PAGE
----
We weighed anchor in Lunenburg yesterday morning a little before 0900hrs, in the process of which Marilou had the first of her morning workouts. Marilou does most of the anchoring work in Kiviuq while Alan poses in skipper mode at the helm ready to take control of the boat when the anchor breaks out. Of course the windlass takes care of the really heavy work involved in anchor and chain handling but harbours like Lunenburg add an extra task. The bottom is soft mud that was down there hundreds of years ago when Lunenburg's attractions for fishermen and seafarers began to be noticed. A lot of vessels of all kinds have anchored in there over those many years and, in consequence, the soft mud on the bottom is far from pristine. As the chain comes in it comes with a liberal coating of a microbiologist's nightmare that we certainly don't want in our chain locker. Now, unlike ships and some yachts Kiviuq does not possess a sophisticated pressure water chain wash system. The chain cleaning is done with bucketful after bucketful of seawater hauled up by hand. Each bucketful must weigh eight or nine kilos and if there is plenty of chain out, as we had out in Lunenburg due to a near miss from a hurricane, about thirty bucketfuls are required. And each must be lifted about four metres. It's quite a lot of work, sometimes enough to cause the skipper to break into a sweat in sympathy.

Once the chain and anchor were safely stowed we got underway for the passage round to Mahone Bay, which as the crow flies is a very short distance, but as the boat sails about 15nm or so due to intervening headlands.

Once into Mahone Bay, and making for Mahone Bay town, we found ourselves with 10kts or so of breeze on the starboard quarter and felt this was a good opportunity to get the big yellow asymmetric spinnaker out with the primary purpose of furling it again, but this time on the torsion rope of the Karver furling system. We had brought it down in the traditional manhandling manner on previous use as we approached Lunenburg because of a broken locking pin in the Karver furler. On reflection that probably wasn't necessary, but it seemed like a good idea at the time. As a result it was loosely bagged rather than neatly and tightly rolled around its torsion rope, and thus was occupying twice as much space in our forecabin as it should have been.

Hoisting from the bag was not without hitches, and a small section of the sail actually got into the water at one point. Only those who have had this experience know how difficult it can be to recover a large sail from the water, but we were onto it quickly and after a joint heaving effort we had it back aboard and then Marilou completed the hoist without further trouble.

Ater sailing with the asymmetric for a short while sea room was running out and the skipper wanted to see it properly furled and back in its bag. Furling without the locking pin in the system is more laborious than with the pin preventing unfurling again between heaves on the furling line, but Marilou engaged the core and put in the upper body work required, generating more sweat on the skipper's brow.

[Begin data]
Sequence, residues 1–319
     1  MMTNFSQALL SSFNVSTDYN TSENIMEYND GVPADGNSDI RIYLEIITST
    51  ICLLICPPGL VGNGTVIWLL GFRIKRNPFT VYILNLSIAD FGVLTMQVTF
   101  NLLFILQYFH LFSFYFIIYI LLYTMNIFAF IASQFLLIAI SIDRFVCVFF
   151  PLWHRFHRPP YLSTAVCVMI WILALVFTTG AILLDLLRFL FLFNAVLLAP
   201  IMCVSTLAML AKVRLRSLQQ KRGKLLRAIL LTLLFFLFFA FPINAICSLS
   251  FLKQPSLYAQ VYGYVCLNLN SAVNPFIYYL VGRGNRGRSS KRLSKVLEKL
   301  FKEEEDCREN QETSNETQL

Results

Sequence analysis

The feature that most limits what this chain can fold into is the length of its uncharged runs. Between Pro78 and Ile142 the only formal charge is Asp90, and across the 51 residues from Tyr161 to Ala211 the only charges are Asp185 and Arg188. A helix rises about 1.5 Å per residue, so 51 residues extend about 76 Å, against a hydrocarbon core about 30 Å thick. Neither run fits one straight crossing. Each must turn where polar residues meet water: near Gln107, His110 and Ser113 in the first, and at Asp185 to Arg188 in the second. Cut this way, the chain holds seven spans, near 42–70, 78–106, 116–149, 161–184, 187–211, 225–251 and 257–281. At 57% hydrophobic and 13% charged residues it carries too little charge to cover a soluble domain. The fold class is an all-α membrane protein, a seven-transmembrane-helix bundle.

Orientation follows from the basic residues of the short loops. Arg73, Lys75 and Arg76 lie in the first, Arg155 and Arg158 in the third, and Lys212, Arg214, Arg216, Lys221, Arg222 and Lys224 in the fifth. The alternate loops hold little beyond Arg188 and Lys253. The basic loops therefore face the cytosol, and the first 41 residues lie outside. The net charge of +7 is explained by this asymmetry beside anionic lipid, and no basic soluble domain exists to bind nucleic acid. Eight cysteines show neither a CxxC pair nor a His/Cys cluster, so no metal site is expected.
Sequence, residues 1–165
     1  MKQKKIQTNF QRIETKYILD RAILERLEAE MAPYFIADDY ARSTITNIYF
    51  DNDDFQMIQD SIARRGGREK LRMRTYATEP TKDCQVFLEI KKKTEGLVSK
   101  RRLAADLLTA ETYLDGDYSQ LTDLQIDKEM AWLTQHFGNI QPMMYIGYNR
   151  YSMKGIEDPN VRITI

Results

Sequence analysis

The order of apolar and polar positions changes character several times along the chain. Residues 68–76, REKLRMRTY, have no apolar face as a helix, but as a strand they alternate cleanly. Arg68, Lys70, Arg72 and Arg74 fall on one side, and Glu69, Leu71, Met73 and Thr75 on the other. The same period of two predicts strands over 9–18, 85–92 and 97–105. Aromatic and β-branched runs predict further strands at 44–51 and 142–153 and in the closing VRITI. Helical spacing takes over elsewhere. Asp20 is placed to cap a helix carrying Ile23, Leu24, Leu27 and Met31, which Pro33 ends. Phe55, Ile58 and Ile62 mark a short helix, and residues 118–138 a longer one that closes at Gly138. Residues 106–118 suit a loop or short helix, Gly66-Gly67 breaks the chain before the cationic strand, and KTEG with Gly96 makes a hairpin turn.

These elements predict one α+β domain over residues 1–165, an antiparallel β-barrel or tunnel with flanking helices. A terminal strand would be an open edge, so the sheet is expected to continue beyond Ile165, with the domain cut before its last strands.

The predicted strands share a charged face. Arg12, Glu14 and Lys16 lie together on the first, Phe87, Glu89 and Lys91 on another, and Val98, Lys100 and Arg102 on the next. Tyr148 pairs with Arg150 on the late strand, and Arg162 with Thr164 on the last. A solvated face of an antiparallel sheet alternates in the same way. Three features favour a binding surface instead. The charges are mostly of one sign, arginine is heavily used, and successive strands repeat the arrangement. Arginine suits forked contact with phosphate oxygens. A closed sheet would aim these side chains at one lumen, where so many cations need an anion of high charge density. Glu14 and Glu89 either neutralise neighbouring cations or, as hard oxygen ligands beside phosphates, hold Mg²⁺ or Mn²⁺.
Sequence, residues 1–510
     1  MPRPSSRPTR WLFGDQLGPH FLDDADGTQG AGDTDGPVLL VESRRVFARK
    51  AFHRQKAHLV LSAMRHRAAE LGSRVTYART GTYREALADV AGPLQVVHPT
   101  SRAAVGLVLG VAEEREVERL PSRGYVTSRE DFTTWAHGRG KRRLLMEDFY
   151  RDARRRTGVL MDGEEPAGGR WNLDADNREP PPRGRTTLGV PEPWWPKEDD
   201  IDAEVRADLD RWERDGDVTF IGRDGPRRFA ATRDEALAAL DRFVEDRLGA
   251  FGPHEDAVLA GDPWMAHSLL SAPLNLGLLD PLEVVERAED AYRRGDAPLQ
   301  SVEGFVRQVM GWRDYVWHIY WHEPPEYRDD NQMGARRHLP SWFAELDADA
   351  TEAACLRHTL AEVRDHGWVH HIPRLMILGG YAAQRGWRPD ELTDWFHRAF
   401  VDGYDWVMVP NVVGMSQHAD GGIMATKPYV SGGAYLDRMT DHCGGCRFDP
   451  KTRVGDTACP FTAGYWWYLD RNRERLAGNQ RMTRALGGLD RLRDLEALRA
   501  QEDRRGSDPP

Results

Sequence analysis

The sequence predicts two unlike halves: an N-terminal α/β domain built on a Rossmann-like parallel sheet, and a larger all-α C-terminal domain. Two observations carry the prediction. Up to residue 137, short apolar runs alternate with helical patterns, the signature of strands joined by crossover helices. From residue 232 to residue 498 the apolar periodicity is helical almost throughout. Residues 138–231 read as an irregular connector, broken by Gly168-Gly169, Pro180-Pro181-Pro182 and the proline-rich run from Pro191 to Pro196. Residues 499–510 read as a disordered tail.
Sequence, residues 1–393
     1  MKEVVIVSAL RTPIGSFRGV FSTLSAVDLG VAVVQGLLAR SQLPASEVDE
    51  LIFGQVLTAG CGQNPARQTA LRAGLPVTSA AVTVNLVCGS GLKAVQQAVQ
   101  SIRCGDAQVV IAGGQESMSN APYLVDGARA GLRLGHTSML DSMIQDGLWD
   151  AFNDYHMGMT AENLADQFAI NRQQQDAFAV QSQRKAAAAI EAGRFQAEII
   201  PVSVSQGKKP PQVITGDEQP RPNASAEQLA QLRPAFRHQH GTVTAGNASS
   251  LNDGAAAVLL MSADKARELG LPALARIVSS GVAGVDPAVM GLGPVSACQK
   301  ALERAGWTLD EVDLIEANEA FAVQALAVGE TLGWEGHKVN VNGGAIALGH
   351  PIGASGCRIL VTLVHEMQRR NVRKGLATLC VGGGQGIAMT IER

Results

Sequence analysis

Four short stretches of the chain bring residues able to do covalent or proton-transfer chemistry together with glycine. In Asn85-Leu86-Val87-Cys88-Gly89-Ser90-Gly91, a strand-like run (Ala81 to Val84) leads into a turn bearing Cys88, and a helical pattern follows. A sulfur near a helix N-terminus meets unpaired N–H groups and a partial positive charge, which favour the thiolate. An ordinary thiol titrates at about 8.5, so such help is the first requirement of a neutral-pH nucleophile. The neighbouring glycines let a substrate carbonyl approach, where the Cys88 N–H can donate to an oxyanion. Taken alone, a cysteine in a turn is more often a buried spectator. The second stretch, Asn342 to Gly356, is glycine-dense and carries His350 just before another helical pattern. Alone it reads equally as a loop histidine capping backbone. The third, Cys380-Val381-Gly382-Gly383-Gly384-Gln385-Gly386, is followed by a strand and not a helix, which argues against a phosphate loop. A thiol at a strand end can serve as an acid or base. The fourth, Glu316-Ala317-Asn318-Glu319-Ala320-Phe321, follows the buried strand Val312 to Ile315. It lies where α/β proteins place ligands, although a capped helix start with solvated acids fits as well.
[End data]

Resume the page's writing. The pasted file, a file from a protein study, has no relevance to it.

After that we had a quiet run into the Mahone Bay town harbour and set the anchor just to seaward of the mooring field. Why not pick up a mooring you ask? The answer is the Kiviuqs don't like them, and particularly don't like those with unknown credentials. By contrast, the anchor and chain are tried and trusted entities.
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Where is Kiviuq?
Kiviuq's Photos - Main
4 Photos
Created 1 June 2019
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Created 23 August 2016
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Created 22 April 2016
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Created 22 April 2016
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Created 21 April 2016
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Created 20 April 2016
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Created 22 October 2015
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Created 21 May 2014

About & Links

IMPORTANT NOTE: In Map &Tracking above you can see where Kiviuq was located when we last reported a position to the blog. But please be aware that position reporting sometimes goes down. This can be due to a technical problem on board, to a problem with the satellite system or to a problem with the blog site. Therefore...... PLEASE NOTE THAT IN THE EVENT THERE IS NO POSITION REPORTING THIS SHOULD NOT ON ITS OWN BE TAKEN AS AN INDICATION THAT KIVIUQ AND/OR HER CREW ARE IN DIFFICULTIES. Technical/electrical problems are by no means rare at sea in relatively small vessels.